Now, let’s talk about the coffee. The Specialty Coffee Association of America performed extensive testing and found that the ideal mineral balance is 150 parts per million (ppm). Coffee produced with water that contains this level of hardness is better balanced and a smoother cup. A lower mineral content allows for too much available space, often resulting in an overextraction and a bitter flavor. Conversely, water with a higher mineral content won’t have enough available space, so coffee will be underextracted and possibly more sour. As distilled water has hardly any mineral content (roughly 9ppm), using it for coffee preparation will result in a bitter cup.
We often say that you should use water that you like to drink to make your coffee — after all, coffee is over 98% water. Another option is to use softened water, which encapsulates the minerals, maintaining their structure within the water while prohibiting their ability to adhere to internal components. This can give you the best of both worlds: A smooth and balanced cup of coffee while also reducing the overall maintenance for the life of the machine.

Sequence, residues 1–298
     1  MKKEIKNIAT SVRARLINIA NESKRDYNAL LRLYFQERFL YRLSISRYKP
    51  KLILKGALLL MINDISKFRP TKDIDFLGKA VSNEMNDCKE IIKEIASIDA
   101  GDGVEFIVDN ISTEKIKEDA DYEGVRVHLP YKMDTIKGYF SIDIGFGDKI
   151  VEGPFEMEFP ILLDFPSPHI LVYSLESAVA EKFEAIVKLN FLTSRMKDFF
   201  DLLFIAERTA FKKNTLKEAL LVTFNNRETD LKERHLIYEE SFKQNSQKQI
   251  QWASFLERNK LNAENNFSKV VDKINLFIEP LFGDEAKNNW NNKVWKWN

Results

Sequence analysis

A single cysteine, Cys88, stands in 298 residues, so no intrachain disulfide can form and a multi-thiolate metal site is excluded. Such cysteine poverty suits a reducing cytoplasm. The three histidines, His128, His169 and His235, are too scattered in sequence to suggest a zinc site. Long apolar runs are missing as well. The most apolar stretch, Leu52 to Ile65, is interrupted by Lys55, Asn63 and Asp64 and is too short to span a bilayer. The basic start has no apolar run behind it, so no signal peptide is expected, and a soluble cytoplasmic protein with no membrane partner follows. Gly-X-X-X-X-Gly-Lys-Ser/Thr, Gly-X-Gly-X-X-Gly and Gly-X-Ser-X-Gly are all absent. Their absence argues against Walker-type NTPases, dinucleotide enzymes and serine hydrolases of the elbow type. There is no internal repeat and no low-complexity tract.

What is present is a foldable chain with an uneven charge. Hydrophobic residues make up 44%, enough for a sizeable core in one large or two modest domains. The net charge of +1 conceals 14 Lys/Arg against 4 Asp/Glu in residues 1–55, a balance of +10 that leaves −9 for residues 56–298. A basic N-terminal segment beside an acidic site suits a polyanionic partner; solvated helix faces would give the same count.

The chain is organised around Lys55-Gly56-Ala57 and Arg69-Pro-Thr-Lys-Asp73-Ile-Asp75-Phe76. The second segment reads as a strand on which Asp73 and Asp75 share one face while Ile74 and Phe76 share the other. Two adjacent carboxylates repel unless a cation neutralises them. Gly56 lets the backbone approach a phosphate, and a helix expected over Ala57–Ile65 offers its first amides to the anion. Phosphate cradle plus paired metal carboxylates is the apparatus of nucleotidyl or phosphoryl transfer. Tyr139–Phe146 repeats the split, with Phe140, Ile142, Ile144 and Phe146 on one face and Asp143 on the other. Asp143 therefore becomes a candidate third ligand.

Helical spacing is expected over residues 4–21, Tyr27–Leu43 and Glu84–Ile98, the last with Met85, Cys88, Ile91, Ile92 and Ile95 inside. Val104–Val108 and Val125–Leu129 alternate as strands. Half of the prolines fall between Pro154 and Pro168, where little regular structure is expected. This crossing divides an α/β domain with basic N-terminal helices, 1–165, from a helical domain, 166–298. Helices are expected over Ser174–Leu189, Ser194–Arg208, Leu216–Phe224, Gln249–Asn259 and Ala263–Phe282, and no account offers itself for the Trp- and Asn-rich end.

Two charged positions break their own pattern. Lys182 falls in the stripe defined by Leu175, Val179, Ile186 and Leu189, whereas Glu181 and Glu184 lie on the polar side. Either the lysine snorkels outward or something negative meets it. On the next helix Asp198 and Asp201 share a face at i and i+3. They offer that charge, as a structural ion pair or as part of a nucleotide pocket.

Things were getting a little bit docile around these parts, so it was clearly time for another grudge match! We asked Gail to brew a pot of coffee in the Technivorm Moccamaster KB741 and in the Bonavita Coffee Maker, then line ‘em up and see which our trusty crew members preferred.
Watch as Rade, Allison, Bunny and our newest ingenue, Kaylie, sip and select their favorite.
When it comes to great coffee or espresso, it doesn’t always mean it has to come out of a fancy shmancy high-tech espresso machine. Check out 2011′s most popular gear that didn’t require an outlet.
#1: Aeropress – $25.95